Home » ADNOC wants to turn CO2 into solid minerals—how does that work?

ADNOC wants to turn CO2 into solid minerals—how does that work?

by Dubaiforum

ADNOC’s plan to permanently mineralize CO2 is among the grand and ambitious visions demonstrated at this year’s World Government Summit in Dubai.

 Basalt is a hard, black volcanic rock that is commonly considered as targets CO2 mineralization.

This year’s World Government Summit (WGS) in Dubai has seen many grand and ambitious plans. Although ADNOC’s (Abu Dhabi National Oil Company) project of permanently mineralizing carbon (CO2) does not sound as bald as putting flying taxis in the sky or building an urban highway in Dubai, it is a challenging project that is worth expecting.

At a panel discussion on the “Global Governance of Large-scale Climate Change Mitigation Technologies” at WGS, ADNOC announced that the project will use an Earthshot prize-winning Carbon Capture and Mineralization (CCM) technology from the Omani carbon removal startup 44.01 to permanently mineralize CO2. Part of ADNOC’s $15-billion investment from now until 2030 on low carbon solutions, this project is set to help the company achieve its Net Zero ambition by 2050.

But how?

Carbon mineralization is the process of turning CO2 into a solid mineral, such as carbonate. It is a chemical reaction that happens when certain rocks are exposed to CO2. Most of these rocks are igneous and metamorphic, which means they are commonly crystalline and rarely contain spaces between grains.

There are generally two types of rocks commonly considered for CO2 mineralization. One is basalt, a hard and black volcanic rock. The other is ultramafic rocks, which are a broad category of rocks that have extremely high amounts of magnesium and iron. In the UAE, peridotite is one of the ultramafic rocks and is abundant in Fujairah, where ADNOC is going to carry out its CO2 mineralization project. Laboratory experiments have found that ultramafic rocks have the fastest reaction times when they meet CO2.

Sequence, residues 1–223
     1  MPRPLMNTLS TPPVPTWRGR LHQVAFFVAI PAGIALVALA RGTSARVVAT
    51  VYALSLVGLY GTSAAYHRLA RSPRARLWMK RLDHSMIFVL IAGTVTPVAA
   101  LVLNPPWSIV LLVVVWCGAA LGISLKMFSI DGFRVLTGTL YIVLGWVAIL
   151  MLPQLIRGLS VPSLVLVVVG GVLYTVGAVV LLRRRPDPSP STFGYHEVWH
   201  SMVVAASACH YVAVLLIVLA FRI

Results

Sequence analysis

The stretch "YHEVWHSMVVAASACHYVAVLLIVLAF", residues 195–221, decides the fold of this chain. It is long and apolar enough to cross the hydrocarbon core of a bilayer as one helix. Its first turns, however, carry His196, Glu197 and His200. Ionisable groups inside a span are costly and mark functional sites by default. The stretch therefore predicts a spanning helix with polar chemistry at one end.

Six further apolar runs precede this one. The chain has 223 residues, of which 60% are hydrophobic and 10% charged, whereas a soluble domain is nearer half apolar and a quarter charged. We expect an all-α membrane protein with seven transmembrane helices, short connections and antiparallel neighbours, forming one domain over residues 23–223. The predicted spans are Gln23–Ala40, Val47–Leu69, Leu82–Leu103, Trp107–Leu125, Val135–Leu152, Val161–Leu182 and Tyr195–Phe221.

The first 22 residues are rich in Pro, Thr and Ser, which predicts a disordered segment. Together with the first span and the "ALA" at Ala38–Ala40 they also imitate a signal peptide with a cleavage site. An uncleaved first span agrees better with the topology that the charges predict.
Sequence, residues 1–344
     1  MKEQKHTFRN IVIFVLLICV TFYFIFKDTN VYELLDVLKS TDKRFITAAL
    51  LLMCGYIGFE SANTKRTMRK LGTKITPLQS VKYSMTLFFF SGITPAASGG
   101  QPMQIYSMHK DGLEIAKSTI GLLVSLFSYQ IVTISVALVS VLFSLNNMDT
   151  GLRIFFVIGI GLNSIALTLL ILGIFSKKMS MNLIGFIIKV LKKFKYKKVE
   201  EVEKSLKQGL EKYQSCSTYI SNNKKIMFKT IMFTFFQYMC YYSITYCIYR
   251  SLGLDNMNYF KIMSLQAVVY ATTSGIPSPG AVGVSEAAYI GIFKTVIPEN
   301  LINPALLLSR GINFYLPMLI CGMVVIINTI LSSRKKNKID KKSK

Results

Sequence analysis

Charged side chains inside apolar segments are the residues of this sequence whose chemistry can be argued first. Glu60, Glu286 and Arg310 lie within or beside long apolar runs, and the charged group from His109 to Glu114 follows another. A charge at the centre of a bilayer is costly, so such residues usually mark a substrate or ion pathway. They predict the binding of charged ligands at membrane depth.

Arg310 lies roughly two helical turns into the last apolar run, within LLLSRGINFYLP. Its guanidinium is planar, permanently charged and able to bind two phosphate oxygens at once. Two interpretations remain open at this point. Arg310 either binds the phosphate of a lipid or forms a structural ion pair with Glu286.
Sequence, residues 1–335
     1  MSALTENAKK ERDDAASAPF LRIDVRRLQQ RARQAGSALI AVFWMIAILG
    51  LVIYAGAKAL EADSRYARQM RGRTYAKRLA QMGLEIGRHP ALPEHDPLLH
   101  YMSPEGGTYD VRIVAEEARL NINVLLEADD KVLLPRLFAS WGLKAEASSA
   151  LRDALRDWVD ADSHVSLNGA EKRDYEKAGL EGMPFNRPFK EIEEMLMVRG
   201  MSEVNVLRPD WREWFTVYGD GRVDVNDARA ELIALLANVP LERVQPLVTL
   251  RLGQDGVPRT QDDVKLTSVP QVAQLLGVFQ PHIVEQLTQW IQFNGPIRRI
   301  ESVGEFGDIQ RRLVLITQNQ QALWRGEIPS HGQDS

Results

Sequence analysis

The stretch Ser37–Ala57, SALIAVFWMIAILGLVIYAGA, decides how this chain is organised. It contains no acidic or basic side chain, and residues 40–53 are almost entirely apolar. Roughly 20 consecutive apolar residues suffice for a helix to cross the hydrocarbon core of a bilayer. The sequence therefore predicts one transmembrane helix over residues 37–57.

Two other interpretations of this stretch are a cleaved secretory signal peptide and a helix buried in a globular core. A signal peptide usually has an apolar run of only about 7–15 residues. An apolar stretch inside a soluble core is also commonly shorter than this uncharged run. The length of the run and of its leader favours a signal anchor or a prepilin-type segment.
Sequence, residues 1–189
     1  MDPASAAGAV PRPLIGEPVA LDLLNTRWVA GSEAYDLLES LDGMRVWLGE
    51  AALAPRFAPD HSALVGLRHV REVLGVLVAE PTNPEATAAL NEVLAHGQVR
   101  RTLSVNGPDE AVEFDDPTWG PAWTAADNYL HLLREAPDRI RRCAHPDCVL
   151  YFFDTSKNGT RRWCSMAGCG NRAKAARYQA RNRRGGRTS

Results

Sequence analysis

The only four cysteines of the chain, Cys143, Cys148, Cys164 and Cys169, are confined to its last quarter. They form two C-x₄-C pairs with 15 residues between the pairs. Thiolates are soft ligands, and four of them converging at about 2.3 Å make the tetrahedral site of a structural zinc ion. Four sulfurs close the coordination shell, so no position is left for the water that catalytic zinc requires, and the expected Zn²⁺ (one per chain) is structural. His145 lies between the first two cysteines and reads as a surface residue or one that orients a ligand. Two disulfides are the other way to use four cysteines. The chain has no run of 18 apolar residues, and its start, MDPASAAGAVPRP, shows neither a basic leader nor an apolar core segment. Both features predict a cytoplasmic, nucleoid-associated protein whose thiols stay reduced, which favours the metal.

The process of mineralizing CO2 follows three steps. First, CO2 will be captured from the air. Then, it will be dissolved in seawater. Lastly, it will be injected into peridotite formations deep underground. This way, the mineralized carbon cannot escape back into the atmosphere.

Alternatively, there is another method to mineralize CO2, which is commonly called mine tailing. The process is to expose broken rocks to CO2 at the surface, such as leftovers from mining.

However, the cost per ton to mineralize that carbon is not cheap. It is estimated that mine tailing, for already mined sites, would cost around $8 per metric ton of CO2. Whereas carbon mineralization through injection in deep underground basaltic formations could cost around $30 per metric ton of CO2. No estimates have been made yet for storage in ultramafic rocks.

DF

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